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Robin WIlliams in Dead Poets Society

“Carpe Diem, Seize the Day”

What the Dead Poets Society Gets Wrong About Suicide

Warning: Spoilers Ahead!

“You must strive to find your own voice because the longer you wait to begin, the less likely you are going to find it all.” – Dead Poets Society (1989) 

To some it’s a classic, but most of us probably have a passing-knowledge of the 1989 teen comedy-drama film Dead Poets Society starring Robin Williams. You might have watched the movie at school, at home, or you’ve come across screencaps of the characters in aesthetic “dark academia” edits on TikTok or Instagram. The film centers around a group of young men attending an elite boarding school – Welton Academy – and the English teacher that inspires them through his teaching of poetry. Mr. John Keating, played by Robin Williams, encourages his students to “make your lives extraordinary.”  Even the central theme of Dead Poets Society is the Latin expression carpe diem, which means “seize the day.” 

While the film continues to resonate with and inspire many people to this day, parts of it paint the wrong idea about suicide and betrays its main message of “seizing the day.” Mr. Keating has a somewhat strange style of teaching: having students stand on desks to see the world from a different perspective, inviting them to create their own style of walking, telling them to tear out the introduction on the mathematical formula for rating poems in their books… all of this aims to encourage them to be individuals and free-thinkers. 

“Just when you think you know something, you have to look at it in another way. Even though it may seem silly or wrong, you must try.” – Dead Poets Society (1989) 

These young men live in a world where reputation and how much money you have matters a lot, but Mr. Keating challenges them to live their lives on their own terms. One of these young men is Neil Perry, who discovers that he has a passion for acting and lands the role of Puck in a local production of Shakespeare’s A Midsummer Night’s Dream. However, Neil’s strict father wants him to attend Harvard to become a doctor. After learning of Neil’s participation in the play, his father demands that he quit on the night of the opening performance. 

Upset over this development, Neil tells Mr. Keating – a trusted adult  – about how much acting means to him. Keating advises Neil to stand his ground and be honest with his father and to prove to him that his love of acting is something he takes seriously. Neil lies to Mr. Keating, saying that his dad let him stay in the play, and also lies to his father, telling him that he would quit. That evening Mr. Perry shows up unexpectedly to the opening performance, removes Neil from Welton Academy, and enrolls him into a military academy.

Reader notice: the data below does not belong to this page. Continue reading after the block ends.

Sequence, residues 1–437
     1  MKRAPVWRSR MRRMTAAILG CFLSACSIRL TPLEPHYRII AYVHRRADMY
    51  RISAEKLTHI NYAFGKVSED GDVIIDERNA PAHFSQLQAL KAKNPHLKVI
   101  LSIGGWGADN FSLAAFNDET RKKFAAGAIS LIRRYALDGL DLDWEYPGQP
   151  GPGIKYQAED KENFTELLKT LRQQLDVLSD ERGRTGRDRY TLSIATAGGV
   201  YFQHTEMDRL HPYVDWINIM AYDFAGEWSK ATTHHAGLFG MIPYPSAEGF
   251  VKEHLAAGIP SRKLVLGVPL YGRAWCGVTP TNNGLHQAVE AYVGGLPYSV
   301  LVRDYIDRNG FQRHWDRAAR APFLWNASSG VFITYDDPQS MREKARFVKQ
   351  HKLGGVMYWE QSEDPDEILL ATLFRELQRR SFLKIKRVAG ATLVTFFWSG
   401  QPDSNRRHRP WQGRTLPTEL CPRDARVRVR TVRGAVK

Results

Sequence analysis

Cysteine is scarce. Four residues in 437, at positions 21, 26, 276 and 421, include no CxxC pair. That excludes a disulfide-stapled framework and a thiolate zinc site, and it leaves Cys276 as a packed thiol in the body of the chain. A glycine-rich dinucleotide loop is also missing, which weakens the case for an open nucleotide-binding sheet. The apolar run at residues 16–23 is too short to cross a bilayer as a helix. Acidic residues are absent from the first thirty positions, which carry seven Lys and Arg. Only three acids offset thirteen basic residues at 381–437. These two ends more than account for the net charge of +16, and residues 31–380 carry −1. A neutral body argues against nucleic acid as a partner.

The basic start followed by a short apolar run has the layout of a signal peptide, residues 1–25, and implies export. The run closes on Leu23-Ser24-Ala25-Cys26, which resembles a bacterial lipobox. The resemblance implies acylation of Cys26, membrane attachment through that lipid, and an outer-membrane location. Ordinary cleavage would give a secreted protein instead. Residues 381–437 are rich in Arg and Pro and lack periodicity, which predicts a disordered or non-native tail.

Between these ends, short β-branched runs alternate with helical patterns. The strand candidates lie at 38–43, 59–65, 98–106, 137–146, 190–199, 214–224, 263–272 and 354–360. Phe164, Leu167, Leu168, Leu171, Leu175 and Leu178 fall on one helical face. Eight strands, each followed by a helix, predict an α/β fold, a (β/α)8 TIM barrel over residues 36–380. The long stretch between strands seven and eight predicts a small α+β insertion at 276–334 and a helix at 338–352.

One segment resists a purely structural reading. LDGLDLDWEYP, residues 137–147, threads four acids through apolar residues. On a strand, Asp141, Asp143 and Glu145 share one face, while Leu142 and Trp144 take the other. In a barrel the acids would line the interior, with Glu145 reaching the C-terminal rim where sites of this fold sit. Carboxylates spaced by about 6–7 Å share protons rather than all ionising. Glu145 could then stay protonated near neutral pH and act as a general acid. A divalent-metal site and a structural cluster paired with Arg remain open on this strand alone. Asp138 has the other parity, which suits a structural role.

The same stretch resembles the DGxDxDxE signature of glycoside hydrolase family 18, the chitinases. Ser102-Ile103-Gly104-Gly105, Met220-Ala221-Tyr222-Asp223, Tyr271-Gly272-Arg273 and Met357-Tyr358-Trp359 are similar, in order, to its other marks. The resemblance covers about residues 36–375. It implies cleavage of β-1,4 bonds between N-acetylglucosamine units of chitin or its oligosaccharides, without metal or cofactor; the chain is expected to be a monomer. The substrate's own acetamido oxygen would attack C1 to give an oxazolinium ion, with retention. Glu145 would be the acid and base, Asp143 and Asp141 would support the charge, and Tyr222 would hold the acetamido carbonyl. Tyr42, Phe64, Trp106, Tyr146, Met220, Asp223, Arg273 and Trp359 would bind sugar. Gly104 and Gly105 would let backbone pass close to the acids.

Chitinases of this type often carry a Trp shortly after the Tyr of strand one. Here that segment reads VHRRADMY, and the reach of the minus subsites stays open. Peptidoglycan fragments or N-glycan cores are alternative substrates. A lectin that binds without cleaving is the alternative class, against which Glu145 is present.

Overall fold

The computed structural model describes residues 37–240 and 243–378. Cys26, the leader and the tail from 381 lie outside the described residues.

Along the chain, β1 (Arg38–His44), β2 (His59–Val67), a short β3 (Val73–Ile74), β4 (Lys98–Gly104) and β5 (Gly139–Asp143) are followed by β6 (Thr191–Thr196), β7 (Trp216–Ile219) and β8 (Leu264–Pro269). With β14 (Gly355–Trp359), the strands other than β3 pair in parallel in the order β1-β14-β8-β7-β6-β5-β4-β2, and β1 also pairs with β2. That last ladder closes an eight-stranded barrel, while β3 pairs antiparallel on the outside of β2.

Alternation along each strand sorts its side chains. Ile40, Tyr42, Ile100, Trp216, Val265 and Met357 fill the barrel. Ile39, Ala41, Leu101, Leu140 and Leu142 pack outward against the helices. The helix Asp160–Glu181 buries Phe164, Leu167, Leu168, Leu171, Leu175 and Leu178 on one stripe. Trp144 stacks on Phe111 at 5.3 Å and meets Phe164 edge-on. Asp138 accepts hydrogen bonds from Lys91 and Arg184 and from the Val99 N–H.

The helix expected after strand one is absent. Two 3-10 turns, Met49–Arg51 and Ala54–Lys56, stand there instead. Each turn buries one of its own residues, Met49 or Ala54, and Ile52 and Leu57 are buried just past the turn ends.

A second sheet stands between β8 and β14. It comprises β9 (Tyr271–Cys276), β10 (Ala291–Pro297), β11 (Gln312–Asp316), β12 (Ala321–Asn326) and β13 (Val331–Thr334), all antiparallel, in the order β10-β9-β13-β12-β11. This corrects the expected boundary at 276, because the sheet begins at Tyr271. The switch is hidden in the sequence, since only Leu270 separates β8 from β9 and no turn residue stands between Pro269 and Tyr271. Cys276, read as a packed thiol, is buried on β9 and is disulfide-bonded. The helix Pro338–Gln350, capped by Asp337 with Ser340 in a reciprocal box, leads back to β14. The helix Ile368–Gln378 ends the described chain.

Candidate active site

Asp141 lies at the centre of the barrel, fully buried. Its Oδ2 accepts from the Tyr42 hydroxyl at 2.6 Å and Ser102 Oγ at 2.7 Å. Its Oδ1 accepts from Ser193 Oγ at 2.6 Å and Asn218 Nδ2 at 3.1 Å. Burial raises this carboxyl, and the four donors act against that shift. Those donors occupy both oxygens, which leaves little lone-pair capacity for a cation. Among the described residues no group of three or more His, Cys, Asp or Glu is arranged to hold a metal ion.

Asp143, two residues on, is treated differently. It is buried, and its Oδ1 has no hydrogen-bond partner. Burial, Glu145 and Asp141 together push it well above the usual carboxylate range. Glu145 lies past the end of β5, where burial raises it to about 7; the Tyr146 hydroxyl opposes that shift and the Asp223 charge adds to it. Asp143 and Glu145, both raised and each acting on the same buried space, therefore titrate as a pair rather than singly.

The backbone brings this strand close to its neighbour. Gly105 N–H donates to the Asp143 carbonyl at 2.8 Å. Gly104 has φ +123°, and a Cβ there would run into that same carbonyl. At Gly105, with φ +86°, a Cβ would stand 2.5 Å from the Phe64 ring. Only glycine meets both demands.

Feeling lost and trapped, Neil sees suicide as the only solution to his problems and takes his own life. Mr. and Mrs. Perry are devastated over the loss of their son in a moment that shows how they truly wanted what was best for him. In fact, his father reminds Neil throughout the film that he didn’t have the same opportunities as Neil does and doesn’t want his son to spoil the chances he’s been given at a fulfilling and successful life. The main disagreement between Neil and his father is how they define fulfillment and success. 

One of the many memorable lines in the Dead Poets Society shows how the film missed an opportunity for “seizing the day” – Mr. Keating says, “No matter what anybody tells you, words and ideas can change the world.” Could Neil have used his words and ideas to explain what fulfillment and success means to him, maybe even change his father’s mind? Could they have come to a compromise? What if Neil had reached out to Mr. Keating again, instead of lying to him? 

Mr. Keating wanted his students to tread their own paths in life, not just the ones that were laid out for them by others. Neil had just started the journey to develop his own walking style, but when the time came to apply what he learned to his own life, Neil forgot the core message of Keating’s teachings: life is too short to be anyone but yourself. You must seize the day, no matter what challenges may face you.

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